Coffee in the state of California must carry a cancer warning, ruled Hon. Elihu Berle, on March 28, 2018, in the matter ofCouncil for Education and Research on Toxics v. Starbucks Corp., et al. [Super. Ct. L.A. County, No. BC435759]. In rejecting Starbucks’ argument that a state law meant to protect consumers shouldn’t apply to them, Judge Berle ruled that the Defense didn’t offer evidence that there is a health benefit to the consumption of coffee and failed to establish that there is a safe level of the chemical acrylamide in its product. Under California’s Proposition 65, acrylamide is listed as a carcinogen and products containing it must be labeled as such. The proposed ruling is anticipated to become the final order of the Court.

The ruling comes after an eight-year battle waged by Council for Education and Research on Toxics (“CERT”), A.K.A. Raphael Metzger (“Metzger”) of the Metzger Law Group, against more than 90 coffee roasters and retailers alleging that the acrylamide contained in their coffee poses a risk of causing cancer in consumers. The litigation comprised of a two-phase trial. A third phase, to determine civil penalties, will be scheduled if the parties don’t settle. According to CERT’s counsel, at least 13 of the defendants settled prior to this decision and agreed to provide a warning, including 7-Eleven.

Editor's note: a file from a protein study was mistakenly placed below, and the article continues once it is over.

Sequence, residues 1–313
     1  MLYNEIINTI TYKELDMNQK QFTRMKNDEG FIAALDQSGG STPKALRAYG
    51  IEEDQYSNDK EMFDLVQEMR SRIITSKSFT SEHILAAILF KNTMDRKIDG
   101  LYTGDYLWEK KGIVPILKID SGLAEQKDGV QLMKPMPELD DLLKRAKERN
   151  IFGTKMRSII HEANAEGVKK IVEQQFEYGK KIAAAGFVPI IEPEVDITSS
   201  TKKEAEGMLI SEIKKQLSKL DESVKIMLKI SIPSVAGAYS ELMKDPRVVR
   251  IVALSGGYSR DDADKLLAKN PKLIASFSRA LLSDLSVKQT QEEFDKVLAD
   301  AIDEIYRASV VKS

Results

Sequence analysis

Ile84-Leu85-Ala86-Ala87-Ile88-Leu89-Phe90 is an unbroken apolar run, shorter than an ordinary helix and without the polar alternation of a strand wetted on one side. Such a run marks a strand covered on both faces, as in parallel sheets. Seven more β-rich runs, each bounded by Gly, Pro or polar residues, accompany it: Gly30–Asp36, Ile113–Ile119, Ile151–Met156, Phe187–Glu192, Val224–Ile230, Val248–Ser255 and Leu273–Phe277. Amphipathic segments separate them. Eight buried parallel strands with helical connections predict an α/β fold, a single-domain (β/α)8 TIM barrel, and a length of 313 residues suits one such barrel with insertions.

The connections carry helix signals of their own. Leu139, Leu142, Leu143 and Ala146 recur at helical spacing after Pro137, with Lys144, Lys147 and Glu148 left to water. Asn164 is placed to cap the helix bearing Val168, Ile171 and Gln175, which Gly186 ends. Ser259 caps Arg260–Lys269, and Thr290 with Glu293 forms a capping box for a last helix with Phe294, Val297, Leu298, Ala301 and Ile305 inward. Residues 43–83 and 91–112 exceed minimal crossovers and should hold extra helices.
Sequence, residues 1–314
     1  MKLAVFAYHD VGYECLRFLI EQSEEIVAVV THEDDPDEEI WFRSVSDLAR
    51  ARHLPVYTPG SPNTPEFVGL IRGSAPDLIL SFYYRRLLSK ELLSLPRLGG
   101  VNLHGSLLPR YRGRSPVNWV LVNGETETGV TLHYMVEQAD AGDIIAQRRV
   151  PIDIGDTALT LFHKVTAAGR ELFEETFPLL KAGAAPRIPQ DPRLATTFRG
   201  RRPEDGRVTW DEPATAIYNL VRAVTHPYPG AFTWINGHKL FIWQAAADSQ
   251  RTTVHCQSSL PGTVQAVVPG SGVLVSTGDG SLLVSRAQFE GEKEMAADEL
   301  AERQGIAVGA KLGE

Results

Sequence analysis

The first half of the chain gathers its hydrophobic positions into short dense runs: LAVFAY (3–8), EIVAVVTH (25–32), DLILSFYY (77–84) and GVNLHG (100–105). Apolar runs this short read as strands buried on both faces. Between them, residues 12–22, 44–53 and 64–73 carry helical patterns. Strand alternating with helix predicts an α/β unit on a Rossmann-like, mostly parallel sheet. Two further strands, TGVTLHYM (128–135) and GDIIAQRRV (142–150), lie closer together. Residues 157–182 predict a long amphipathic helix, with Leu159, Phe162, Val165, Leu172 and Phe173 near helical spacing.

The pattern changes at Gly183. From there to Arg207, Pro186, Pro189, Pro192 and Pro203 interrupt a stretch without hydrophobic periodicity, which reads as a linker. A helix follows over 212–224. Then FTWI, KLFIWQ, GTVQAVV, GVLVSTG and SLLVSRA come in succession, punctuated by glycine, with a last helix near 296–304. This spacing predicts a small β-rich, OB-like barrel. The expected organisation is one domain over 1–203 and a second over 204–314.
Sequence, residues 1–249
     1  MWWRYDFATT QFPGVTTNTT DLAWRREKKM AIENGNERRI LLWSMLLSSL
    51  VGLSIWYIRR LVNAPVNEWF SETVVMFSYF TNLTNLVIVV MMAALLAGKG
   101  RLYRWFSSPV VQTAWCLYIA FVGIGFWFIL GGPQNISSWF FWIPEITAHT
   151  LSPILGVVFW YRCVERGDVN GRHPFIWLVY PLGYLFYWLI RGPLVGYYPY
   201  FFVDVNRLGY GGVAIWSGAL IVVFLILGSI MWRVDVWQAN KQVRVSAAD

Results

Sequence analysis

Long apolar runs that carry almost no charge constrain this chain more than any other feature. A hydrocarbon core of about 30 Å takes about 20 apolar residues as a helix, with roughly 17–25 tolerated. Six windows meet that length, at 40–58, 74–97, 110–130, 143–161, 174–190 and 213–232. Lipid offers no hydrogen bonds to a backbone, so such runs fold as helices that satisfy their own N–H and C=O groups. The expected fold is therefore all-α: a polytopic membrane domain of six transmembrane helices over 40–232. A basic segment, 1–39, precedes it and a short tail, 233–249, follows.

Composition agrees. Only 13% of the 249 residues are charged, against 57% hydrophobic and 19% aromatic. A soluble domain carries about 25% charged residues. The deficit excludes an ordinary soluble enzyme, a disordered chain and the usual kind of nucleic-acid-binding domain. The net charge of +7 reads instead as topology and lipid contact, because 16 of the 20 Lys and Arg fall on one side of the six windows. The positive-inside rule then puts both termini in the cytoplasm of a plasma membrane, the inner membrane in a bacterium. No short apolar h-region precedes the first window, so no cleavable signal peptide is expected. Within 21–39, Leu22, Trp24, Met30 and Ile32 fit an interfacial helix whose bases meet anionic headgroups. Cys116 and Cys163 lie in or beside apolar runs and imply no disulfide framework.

At this second-phase of the trial, Starbucks had the burden of proof to establish a so-called alternate significant risk level. Defendants argued that acrylamide is naturally formed through the coffee-making process to render it palatable, the level commonly used is backed by scientific evidence, coffee should be considered safe under the law, and that the health benefits of coffee essentially outweigh the risk.

In an outright rejection of the Defense’s scientific evidence, Judge Berle ruled that experts for the coffee companies did not calculate an alternate significant risk level by means of any valid risk assessment. Rather, their experts did an assessment of acrylamide, but not of acrylamide in coffee. Judge Berle described the testing methods used by Defense experts as “unreliable and inadmissible” because the methods were a novel technique not generally accepted by the scientific community.

According to Metzger, Defendants have until April 10, 2018, to file objections to the proposed decision. Pending finalization of the Order, Metzger intends to move for a permanent injunction. A judge will then help decide what the penalties and remedy should be, if companies don’t settle before then. Civil penalties range up to $2,500.00, per violation, per day, over the course of the eight-year litigation.

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